The year of the protest
2000 brought us tear gas, rubber pellets, black ski masks, and giant puppets.
Will it continue?
by Kristen Lombardi
History will find it fitting that 2000 neared its end in a burst of
anti-capitalist dissent. The news that Seattle had erupted in mini-riots on
November 30 called to mind the destruction that occurred there 365 days
earlier, when anti-free-trade protests paralyzed the city's downtown. To
commemorate the historic 1999 event, protesters went after a popular corporate
target -- Starbucks -- smashing windows and spray-painting walls at nine of the
chain's coffee shops.
The raucous affair pretty much sums up 2000. Y2K might not have sparked the end
of civilization, but it brought us street riots all the same. The past 12
months witnessed one rowdy protest after another in cities across the nation,
from Seattle to Washington, DC, from Philadelphia to Los Angeles. Even places
known more as sunny vacation spots than as hotbeds of political activity
(hello, West Palm Beach) became home to mass marches and demonstrations.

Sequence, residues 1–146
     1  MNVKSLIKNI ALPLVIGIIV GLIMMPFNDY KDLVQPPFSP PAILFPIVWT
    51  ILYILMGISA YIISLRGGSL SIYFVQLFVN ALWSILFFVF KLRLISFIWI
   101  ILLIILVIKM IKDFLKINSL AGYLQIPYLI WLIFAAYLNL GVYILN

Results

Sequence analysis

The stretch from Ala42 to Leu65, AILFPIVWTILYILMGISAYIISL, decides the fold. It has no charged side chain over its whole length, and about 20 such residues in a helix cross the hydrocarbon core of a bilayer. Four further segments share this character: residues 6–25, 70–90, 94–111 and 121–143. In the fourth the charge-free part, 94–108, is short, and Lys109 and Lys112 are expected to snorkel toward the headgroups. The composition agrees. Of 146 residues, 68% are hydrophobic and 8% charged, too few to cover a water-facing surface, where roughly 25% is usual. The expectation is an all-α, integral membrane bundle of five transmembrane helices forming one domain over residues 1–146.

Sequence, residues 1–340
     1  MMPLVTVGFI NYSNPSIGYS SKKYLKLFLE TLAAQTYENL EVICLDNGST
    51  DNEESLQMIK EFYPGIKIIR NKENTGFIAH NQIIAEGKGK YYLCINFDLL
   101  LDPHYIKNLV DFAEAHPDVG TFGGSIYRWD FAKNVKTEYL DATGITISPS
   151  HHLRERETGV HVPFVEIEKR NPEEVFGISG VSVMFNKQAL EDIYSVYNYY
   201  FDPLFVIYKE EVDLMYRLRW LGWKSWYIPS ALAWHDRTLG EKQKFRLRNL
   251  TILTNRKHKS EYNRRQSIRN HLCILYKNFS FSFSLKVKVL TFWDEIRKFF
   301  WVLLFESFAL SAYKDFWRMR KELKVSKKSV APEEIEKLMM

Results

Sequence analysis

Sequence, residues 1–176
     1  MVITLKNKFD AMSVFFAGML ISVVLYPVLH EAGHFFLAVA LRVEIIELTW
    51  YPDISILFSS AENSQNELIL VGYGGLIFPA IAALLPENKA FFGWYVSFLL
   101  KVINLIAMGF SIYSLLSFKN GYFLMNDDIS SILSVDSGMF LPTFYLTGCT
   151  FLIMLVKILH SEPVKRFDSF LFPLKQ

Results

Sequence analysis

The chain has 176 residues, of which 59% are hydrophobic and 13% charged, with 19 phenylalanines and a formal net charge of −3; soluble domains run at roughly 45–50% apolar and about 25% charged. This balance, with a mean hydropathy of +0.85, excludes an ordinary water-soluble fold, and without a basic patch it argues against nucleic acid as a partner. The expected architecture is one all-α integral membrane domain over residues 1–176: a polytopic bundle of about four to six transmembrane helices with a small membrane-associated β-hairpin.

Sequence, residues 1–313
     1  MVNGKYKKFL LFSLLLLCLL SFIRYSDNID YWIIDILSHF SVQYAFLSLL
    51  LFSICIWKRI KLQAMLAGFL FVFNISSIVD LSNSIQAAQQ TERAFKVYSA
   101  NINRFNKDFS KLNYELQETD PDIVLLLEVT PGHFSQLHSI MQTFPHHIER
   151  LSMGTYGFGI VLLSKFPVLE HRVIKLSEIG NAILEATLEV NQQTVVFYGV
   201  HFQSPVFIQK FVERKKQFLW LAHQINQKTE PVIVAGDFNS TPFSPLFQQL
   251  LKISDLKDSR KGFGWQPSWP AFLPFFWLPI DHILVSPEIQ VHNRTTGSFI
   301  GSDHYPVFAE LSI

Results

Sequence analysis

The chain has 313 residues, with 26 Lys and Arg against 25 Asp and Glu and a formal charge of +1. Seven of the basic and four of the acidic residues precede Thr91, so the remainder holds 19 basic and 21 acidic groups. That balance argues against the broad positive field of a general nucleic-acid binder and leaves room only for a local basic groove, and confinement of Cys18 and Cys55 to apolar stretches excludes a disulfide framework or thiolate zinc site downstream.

To be sure, a certain amount of public dissent could be expected -- it was,
after all, a presidential-election year in which no incumbent was running.
Still, people took to the streets with a passion and ferocity that this country
hadn't seen since the late 1960s. What made the 2000 protests so unusual was
that they weren't rooted in a single issue like Vietnam -- an issue that
divided the country and touched the lives of virtually every American. Under
the loose rubric of curbing "corporate globalization" -- the year's hottest
political buzz-phrase, referring to the unchecked expansion of global
capitalism -- activists spoke out against everything from old-growth forest
destruction to Third World debt to racism, sexism, and homophobia. In
retrospect, it seems, a spirit of protest once again became the national
Technically speaking, of course, the mother of all recent protests took place
at the tail end of 1999, during the now-famous World Trade Organization (WTO)
meetings in Seattle. As many as 50,000 environmentalists, labor leaders,
human-rights advocates, and self-styled anarchists shut down the city with
demonstrations, giant papier-mâché sea turtles, and vandalism.
Police responded with tear gas, rubber pellets, and mass arrests.
The tumultuous affair began on November 30, 1999: armies of
demonstrators linked arms to block access to the Seattle convention center,
where WTO delegates were trying to start a round of global-trade talks.
Coverage of the event riveted the country. Newscasters broadcast dramatic
footage of anarchists in black ski masks kicking in windows at the Gap, of cops
in full riot gear tossing tear gas into the crowds. By the time the protests
ended, activists everywhere had been inspired. In shutting down the WTO talks,
the demonstrations proved that ordinary people who mobilized could make a
difference -- and this intoxicating notion set the tone for 2000. No sooner had